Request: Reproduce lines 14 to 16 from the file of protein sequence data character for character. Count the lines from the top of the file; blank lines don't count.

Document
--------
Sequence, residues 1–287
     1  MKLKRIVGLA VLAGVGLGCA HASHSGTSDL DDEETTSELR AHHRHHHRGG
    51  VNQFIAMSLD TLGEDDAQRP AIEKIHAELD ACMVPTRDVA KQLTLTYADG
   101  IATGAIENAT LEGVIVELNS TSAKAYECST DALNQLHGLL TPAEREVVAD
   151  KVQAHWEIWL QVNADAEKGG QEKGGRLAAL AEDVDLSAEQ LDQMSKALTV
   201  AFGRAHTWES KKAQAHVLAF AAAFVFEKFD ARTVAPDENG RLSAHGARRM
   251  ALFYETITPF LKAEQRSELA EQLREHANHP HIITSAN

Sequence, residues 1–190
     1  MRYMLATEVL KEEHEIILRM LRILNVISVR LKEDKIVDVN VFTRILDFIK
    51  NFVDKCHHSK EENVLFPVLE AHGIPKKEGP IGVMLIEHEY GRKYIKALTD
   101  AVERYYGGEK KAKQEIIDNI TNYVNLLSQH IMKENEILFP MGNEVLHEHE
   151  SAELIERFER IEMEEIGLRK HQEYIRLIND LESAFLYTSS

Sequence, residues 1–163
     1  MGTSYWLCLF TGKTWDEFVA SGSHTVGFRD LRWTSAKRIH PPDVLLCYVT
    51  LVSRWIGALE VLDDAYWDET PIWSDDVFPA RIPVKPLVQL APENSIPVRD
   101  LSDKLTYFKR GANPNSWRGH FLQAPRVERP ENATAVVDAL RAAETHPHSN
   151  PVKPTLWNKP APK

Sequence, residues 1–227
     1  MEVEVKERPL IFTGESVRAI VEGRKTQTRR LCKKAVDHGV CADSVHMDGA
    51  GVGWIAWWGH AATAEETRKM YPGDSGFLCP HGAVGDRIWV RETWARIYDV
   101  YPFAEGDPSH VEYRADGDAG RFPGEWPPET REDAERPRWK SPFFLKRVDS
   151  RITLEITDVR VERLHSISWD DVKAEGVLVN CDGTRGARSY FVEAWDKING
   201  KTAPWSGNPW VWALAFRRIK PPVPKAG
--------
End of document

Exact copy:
     1  MGTSYWLCLF TGKTWDEFVA SGSHTVGFRD LRWTSAKRIH PPDVLLCYVT
    51  LVSRWIGALE VLDDAYWDET PIWSDDVFPA RIPVKPLVQL APENSIPVRD
   101  LSDKLTYFKR GANPNSWRGH FLQAPRVERP ENATAVVDAL RAAETHPHSN